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I have a php/mysql question:

I am designing a website that takes xml feeds and puts them into a mysql table. From that table, I want mysql to take this new information and perform a series of calculations which then changes fields in another part of the database. This newly updated information is then displayed on the website.

I understand how to:

  • convert from xml to php
  • place these variables into mysql
  • calculate the new info (in theory with php)

What I don't get is: where do I put the php script that tells mysql to do the calculations and what the calculations actually are.

Does it just go in a php file on the database that gets called by a cron job? I have no idea how to do linux commands though I suppose I could learn if needed. Is there any other way to simply put a script on a server and have it called every hour or so and it checks to see if any new tables have been added and if so, it does the calculations?

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I think the solution you mention is best; cron is the easiest way to have a script executed periodically. –  jeroen Aug 24 '11 at 20:14
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5 Answers

What I don't get is: where do I put the php script that tells mysql to do the calculations and what the calculations actually are.

Automatic = Cron. Because without it, someone need to execute the script either via browser or CLI.

Now, assume you already have a php script to do the task, and assume you have a ssh access to your server, to set up a cron task you just need to execute (from your bash)

crontab -e

then set up a cron task (assume for every one hour)

*/60 * * * * /path/to/your/php/script.php

If you dont have a ssh access, and using cPanel, see How To using Cron in cPanel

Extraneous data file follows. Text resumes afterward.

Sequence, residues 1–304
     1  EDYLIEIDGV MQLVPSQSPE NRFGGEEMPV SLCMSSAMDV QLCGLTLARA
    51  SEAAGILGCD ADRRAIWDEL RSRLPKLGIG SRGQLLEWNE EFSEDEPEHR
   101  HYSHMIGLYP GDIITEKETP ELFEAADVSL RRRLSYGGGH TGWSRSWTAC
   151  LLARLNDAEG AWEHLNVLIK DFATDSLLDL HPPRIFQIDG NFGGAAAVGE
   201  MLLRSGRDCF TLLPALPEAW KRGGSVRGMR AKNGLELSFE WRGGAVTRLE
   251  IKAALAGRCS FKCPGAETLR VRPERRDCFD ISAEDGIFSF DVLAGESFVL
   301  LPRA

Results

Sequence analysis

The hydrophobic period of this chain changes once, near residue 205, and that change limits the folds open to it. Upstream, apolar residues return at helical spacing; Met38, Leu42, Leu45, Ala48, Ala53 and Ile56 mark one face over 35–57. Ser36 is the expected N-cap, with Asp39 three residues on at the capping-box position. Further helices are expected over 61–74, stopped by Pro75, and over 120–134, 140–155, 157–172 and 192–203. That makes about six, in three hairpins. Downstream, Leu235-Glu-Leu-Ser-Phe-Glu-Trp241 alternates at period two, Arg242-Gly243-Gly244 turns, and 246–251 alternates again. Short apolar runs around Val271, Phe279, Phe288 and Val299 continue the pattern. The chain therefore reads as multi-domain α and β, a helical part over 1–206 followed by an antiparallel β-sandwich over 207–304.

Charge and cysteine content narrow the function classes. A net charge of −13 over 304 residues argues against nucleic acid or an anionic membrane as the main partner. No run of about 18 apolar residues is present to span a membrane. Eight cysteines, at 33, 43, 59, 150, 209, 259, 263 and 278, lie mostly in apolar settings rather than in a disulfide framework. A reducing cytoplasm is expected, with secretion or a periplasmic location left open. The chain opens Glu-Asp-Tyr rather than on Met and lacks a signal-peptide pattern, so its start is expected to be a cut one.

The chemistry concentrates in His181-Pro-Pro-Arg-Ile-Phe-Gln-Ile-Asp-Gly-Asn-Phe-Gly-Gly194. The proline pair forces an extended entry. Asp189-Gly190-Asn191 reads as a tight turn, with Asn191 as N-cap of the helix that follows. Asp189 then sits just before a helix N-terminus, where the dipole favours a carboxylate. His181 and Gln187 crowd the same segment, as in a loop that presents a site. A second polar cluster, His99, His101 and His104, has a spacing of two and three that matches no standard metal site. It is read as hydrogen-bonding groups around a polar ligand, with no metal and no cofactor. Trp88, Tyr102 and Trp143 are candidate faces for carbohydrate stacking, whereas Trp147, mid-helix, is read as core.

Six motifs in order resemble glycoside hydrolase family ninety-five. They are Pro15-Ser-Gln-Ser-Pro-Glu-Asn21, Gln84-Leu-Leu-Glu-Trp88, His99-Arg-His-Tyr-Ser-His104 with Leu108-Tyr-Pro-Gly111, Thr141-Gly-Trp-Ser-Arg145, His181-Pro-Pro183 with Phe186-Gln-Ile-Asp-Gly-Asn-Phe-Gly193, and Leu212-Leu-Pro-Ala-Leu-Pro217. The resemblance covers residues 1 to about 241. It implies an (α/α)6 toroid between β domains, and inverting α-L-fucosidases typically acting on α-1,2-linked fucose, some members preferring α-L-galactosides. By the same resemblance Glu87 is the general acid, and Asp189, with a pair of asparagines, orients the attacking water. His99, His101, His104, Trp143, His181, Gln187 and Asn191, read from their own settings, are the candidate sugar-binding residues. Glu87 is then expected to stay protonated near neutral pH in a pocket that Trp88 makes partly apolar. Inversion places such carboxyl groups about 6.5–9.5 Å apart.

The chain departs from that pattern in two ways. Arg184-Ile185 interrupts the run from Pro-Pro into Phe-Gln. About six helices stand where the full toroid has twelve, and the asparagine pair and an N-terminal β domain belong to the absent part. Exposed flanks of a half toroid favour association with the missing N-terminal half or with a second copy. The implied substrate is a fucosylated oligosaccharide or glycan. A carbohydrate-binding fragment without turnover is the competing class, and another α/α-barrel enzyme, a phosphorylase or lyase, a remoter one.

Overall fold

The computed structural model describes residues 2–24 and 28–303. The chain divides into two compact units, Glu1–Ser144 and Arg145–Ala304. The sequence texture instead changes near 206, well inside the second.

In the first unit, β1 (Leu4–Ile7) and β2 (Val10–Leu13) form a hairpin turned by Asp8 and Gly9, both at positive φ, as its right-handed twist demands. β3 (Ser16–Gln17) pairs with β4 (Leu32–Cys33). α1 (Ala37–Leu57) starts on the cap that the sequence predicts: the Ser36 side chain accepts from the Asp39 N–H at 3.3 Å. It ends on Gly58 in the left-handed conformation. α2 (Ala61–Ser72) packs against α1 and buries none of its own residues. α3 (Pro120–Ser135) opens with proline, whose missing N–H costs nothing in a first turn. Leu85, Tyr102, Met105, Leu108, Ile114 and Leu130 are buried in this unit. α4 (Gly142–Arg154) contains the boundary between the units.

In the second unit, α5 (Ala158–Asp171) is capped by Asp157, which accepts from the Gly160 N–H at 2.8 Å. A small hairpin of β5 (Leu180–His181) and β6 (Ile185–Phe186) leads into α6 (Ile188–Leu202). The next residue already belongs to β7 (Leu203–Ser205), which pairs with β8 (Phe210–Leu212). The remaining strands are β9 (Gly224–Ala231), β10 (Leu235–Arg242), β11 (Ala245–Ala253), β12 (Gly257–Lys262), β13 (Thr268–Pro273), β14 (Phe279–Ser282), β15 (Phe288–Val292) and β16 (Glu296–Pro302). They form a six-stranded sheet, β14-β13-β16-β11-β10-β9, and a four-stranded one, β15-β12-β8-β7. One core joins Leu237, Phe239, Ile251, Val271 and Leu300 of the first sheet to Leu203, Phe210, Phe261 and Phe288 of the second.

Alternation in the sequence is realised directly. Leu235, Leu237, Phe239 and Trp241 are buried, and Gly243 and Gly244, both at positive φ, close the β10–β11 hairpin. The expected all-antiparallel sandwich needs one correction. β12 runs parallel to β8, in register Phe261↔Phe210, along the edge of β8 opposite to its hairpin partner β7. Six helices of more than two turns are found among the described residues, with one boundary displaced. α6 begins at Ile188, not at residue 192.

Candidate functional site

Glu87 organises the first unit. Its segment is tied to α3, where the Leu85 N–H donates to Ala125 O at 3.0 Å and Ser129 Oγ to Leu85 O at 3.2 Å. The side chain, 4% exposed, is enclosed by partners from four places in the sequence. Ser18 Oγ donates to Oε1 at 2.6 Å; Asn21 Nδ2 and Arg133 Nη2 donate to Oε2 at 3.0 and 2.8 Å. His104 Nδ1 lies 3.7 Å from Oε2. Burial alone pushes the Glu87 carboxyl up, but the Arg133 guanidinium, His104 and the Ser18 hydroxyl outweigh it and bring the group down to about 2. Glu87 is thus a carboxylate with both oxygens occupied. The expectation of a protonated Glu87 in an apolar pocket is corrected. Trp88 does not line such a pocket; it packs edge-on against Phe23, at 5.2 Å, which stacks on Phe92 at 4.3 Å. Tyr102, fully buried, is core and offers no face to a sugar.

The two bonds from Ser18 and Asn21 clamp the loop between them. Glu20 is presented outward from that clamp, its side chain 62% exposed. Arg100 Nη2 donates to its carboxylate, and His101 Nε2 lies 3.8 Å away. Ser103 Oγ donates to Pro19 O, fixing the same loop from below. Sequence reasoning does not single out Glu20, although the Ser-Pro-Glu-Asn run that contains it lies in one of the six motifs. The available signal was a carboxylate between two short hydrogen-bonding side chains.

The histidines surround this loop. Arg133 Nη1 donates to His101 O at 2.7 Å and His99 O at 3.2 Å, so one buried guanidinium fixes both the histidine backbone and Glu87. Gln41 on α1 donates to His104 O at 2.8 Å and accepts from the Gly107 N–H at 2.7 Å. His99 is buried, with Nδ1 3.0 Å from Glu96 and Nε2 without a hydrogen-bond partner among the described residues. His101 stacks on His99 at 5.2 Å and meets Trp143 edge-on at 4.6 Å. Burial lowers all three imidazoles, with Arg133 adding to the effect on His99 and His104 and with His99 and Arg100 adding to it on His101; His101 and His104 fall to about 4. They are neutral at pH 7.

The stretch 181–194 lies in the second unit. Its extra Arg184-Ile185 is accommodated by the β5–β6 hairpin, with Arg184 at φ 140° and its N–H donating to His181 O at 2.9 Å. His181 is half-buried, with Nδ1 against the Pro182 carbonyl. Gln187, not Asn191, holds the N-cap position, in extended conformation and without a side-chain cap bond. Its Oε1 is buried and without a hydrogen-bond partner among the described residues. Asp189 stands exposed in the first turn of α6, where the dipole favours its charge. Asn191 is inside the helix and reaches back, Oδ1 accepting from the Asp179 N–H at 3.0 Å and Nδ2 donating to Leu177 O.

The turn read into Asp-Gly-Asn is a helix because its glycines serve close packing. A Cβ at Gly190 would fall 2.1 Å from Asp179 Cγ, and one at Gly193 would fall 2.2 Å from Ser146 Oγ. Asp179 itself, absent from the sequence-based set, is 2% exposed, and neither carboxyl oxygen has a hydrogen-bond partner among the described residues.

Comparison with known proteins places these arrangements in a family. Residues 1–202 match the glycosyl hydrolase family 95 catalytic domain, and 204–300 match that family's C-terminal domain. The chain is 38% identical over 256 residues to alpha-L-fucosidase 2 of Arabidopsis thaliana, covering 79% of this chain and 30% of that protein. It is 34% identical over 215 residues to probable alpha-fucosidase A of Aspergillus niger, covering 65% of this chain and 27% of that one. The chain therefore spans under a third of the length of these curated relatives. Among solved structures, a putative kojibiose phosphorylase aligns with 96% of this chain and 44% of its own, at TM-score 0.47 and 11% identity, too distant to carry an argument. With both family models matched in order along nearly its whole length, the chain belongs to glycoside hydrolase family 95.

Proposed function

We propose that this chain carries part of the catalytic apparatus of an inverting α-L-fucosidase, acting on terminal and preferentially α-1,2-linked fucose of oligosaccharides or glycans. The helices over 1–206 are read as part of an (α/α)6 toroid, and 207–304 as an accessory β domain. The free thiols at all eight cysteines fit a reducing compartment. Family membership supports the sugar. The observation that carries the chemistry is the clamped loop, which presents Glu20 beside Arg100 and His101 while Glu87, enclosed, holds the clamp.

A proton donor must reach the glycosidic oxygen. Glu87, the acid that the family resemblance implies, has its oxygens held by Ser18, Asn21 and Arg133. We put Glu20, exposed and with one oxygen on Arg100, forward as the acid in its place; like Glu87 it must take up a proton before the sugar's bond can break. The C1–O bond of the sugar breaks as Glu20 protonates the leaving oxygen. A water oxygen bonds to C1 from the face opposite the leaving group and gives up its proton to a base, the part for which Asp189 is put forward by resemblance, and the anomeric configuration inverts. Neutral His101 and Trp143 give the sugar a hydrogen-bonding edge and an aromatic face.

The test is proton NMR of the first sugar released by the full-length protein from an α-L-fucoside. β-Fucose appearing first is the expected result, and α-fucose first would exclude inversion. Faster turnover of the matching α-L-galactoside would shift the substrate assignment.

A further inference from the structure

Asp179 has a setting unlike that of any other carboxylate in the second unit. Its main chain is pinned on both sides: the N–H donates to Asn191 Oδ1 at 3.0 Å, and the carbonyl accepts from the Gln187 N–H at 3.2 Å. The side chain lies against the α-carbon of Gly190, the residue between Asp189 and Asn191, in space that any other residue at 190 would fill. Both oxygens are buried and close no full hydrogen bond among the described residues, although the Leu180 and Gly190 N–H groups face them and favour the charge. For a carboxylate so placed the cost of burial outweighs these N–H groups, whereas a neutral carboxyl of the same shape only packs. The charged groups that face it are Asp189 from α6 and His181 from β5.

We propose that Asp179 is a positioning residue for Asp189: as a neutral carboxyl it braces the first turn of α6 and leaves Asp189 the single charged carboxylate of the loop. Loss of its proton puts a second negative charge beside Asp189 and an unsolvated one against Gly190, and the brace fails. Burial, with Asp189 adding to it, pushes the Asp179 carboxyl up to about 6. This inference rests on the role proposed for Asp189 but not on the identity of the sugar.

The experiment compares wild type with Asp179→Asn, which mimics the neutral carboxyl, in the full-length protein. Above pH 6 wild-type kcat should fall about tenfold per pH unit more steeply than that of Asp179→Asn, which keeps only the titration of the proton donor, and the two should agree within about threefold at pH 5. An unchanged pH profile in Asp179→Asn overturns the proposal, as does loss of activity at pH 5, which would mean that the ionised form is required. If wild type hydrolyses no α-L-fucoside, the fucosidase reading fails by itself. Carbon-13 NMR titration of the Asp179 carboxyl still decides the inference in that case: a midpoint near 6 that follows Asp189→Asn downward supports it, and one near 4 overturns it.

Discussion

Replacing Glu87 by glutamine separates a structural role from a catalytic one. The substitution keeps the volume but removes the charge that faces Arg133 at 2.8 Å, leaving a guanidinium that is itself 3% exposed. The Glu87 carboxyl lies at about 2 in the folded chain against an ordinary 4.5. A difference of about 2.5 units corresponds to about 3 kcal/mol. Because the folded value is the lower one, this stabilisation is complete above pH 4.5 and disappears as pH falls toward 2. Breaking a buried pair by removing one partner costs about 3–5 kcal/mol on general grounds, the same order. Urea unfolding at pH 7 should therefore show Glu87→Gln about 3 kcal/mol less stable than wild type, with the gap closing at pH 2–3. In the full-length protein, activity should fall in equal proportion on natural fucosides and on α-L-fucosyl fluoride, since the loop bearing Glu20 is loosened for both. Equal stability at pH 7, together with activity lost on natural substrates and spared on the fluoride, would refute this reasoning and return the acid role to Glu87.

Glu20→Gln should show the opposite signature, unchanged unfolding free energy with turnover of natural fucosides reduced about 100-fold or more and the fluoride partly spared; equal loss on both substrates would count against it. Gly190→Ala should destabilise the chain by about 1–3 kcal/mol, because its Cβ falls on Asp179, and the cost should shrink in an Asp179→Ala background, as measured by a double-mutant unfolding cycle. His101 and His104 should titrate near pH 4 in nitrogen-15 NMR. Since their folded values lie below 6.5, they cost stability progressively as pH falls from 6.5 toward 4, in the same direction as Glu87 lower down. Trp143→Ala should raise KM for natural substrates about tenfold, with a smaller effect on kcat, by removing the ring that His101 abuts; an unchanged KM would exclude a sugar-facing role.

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You have a couple choices here. If you want to keep things in the db then you can look at using triggers. Trigger will allow you to do things when something like an update/insert takes place. So in your scenario, when the xml is feed into your db, you can trigger some action to perform calculations without having a cron job call a php file to do the same.

The other option is to do a cron job that calls a php file that does the calculations for you if something has changed. You would have to start a crontab (some examples here - search for php) that calls a php file (you should be able to place the file anywhere you like that you have access too, I would keep it in the site folder but outside of public access unless you want to manually call it by going to a url) every x hours depending on your needs. If you do this, you create a new php file which only needs to check the db for changes, maybe by getting the last id of a table and compare it to the previous id that you saved in a file on the file system. If there is a change, do all the required computations and updates and then it's done until it gets called again later.

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Yes, a cronjob is what you're looking for. Depending on your server OS flavor (I'm assuming linux), creating one is fairly easy. On a Debian system, you'd put your script file in /etc/cron.hourly/ and it would be run once every hour.

To create a php script that can be run from the command line, follow this format:

#!/usr/bin/env php
<?php
  // do stuff...
?>

And don't forget to chmod +x the script.

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what do you mean by "a website that takes XML"? If xml is taken by a php script of your own, then you should place your re-calculation-call there ... if there is new XML saved to DB. Otherwise you know, that no calculation is needed.

plcae a timestamp attribute "last_updated" in your calculation-results-table, update it if new xml arrived and check on now() > last_updated + 3600, to check if an hour is exceeded.

--> PHP pseudo-cronjob...

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If you wanted to schedule a job, without using a cron, you could theoretically set up one of your pages to issue an AJAX request.

AJAX call fired on document ready:

$.get("my-script.php");

Top of myscript.php:

$desiredUpdateInteval = 3600; #seconds
    $dbLastUpdatedQuery = mysql_query("SELECT UPDATE_TIME FROM information_schema.tables WHERE TABLE_SCHEMA = '*database_name*' AND TABLE_NAME = '*table_name*'");
    $dbLastUpdated      = strtotime(mysql_result($dbLastUpdatedQuery,0,0));

    if((time() - $dbLastUpdated) > $desiredUpdateInterval){
    /* do something */
    }

You should note that there's a lot of overhead with this method, as your database is going to get pinged on each page visit.

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+1 very good approach in part II (UPDATE_TIME FROM information_schema.tables) !! I just wouldn't like to have the timing controlled by user activity, when the php call is placed in the page. –  HBublitz Aug 24 '11 at 20:12
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